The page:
In the past 20 years, though there have been boom periods when education did its level best to push itself into the 20th century and provide a rounded education intended to produce well-developed minds, each spurt was inevitably truncated when the next bender of tax-cutting came down the pike. Especially with the onset of the radcon-driven 'testing' mania, our schools have become sad, warped, minimalist zones restricted to pounding away at the basics without providing a context to understand them in or a reason for understanding them at all except 'you'll need these to get a job'. We are producing graduates who know nothing of any life around them unconnected to making money and consuming the consumer-oriented corporate culture. The life of the mind is scoffed at, ridiculed, ignored; the life of the heart, in this adolescent society, is equated to sex; and the life of the soul means--maybe--going to church on Sunday and sleeping through the sermon.

    Every attempt by progressives in the educational system to teach students how to think has either been shot down by being starved of funds as a 'frivolous extra we can't afford' or destroyed by a concerted onslaught against 'secular humanist' thinking by the same radcon forces--often allied with radcon Xtian fundamentalists--who are 'starving the beast'. We seem to have accepted this idiocy as being necessary in 'a time of belt-tightening' and to be totally unaware (perhaps deliberately) that the kinds of experiences we had when we were growing up, that we cherish as adults and that are often the loadstones directing our life-choices, are being denied to our kids through penury. We even seem to have talked ourselves into believing it doesn't matter, or that--even worse--'it will be good for them'.

    What Franklin was talking about it all around us. The lies, misdirections, and obfuscations of the Bush Administration, obvious as they are, are ignored by a population that thoroughly lacks the critical thinking skills schools were meant to implant, and lacks them to the degree that the rankest, most base, most primal tricks fool us completely. There's nothing subtle or sophisticated about what Rove and his minions are engineering and have been for the past four years; by and large, they are the oldest tricks in the Propagandist's Handbook: bait-and-switch, the Big Lie, 'Pay No Attention to That Man Behind the Curtain', say-one-thing-and-do-another, rumor-mongering, libel and innuendo, and trash-talking. Karl has invented nothing new, he has simply opened the whole bag o' tricks and dumped them over our heads, removing the ancient constrictions of fair-play and lines-you-don't-cross as he implements them.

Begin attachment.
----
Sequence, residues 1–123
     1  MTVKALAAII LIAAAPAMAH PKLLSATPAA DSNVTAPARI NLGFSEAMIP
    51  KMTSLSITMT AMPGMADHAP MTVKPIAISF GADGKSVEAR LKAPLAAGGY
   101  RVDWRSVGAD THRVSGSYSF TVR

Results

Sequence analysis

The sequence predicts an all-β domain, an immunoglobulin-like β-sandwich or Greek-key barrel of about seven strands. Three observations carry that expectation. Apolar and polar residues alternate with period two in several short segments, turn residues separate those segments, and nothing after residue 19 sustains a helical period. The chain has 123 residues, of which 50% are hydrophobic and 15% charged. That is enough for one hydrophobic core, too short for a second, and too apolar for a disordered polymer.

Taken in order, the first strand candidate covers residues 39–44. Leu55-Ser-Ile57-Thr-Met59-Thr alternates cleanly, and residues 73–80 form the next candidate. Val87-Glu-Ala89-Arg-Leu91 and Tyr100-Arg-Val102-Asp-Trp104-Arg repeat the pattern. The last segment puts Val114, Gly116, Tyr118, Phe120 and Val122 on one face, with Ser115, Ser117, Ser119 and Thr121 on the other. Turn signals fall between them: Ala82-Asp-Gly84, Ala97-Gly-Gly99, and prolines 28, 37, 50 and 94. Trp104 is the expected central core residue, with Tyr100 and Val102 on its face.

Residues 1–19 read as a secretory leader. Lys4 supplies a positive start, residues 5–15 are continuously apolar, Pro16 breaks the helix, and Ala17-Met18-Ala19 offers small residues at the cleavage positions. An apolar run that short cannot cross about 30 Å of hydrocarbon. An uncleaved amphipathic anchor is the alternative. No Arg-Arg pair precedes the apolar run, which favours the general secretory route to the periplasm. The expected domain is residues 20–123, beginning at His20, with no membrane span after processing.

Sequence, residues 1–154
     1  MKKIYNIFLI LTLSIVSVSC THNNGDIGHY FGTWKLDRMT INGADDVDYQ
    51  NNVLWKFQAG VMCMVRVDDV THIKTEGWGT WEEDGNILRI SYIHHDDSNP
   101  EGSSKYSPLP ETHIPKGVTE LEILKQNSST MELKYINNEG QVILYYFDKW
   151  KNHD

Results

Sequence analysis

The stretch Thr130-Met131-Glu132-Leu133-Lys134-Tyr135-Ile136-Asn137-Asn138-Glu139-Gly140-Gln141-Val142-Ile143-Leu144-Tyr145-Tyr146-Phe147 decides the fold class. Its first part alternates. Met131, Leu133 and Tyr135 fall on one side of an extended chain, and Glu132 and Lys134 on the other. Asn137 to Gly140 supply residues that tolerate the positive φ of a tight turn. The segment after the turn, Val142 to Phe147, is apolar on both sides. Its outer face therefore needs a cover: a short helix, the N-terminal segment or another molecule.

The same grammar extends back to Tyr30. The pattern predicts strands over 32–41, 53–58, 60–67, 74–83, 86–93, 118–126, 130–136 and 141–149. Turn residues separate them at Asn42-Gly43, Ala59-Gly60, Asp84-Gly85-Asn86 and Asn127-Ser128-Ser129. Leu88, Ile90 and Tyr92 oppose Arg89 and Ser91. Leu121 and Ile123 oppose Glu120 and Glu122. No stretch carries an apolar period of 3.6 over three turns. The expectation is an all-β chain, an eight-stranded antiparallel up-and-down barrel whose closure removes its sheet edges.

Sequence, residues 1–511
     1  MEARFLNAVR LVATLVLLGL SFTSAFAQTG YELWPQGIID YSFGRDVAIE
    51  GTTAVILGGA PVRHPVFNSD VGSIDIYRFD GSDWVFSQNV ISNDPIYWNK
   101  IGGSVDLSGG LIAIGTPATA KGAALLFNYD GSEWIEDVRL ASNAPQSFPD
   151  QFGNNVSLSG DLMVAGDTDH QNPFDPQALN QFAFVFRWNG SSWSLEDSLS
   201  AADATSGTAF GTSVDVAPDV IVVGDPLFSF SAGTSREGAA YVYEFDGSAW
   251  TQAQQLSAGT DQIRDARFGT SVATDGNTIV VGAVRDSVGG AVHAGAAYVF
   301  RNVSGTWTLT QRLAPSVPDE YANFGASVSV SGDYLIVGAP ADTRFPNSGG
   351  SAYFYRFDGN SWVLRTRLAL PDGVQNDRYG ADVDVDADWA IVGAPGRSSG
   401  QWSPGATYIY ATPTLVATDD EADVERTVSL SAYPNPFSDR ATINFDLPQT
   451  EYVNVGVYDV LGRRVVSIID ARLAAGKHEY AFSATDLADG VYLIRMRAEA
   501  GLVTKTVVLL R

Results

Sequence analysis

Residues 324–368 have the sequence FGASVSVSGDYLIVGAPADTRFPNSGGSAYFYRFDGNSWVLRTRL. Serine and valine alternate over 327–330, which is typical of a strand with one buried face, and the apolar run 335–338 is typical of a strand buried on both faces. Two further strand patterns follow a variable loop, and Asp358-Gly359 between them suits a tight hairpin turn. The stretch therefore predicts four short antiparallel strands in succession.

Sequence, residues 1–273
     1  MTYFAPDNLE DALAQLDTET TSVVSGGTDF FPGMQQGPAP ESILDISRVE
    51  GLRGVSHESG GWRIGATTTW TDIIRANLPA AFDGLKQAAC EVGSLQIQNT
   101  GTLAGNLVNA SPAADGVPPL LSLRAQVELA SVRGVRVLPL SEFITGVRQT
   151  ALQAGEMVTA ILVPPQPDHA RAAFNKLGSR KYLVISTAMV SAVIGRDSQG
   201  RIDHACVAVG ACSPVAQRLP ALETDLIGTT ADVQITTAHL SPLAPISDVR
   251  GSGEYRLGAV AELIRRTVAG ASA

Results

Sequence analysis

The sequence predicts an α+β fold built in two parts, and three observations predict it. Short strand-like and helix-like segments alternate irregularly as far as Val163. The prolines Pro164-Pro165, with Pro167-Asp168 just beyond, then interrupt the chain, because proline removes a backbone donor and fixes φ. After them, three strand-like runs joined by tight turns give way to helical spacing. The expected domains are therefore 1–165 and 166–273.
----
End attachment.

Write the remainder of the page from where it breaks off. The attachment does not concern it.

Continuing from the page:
A half-educated monkey would see through them in an instant but we don't. They confuse us. We get all, 'I can't tell what the truth is. This is so confusing.' The destruction of the modern educational system (which started almost immediately on its creation) by corporate forces which see a rounded individual who knows how to think as a detriment to the smooth operation of its mindless routine has resulted in a giant class of robots who can only do what their previously-installed programming tells them to do. Faced with a new situation, with unexpected stimulae and undigested facts, the mechanism breaks down, crashes in on itself, and runs for the cover of its basic programming module. Our stunted hearts and souls may be (and I believe are) peppering us with doubt, dismay, and a sense of foreboding, desperately trying to get us to wake up and smell the coffee, but in their weakened, un-trained state it's slow going getting through the layers of indoctrination and invested belief.

    A badly educated populace is worse than an uneducated one. An uneducated populace will fall back on instinct and experience, which have some value; a badly educated one knows just enough to distrust both but has nothing better to replace them with. A badly educated citizenry means, as Franklin understood only too well, a flock of citizens who don't know what their duties are let alone how to honor and fulfill them, and who represent the greatest danger to a democratic system: the ignorance and misperceptions of 'a little knowledge'. If we have allowed anti-educational forces to twist our system into a pretzel of convenient constrictions and do-what-we-tell-you orthodoxy, then we have created the very citizenry Franklin feared, a citizenry contaminated by an inability to face any reality more complex than a microbe.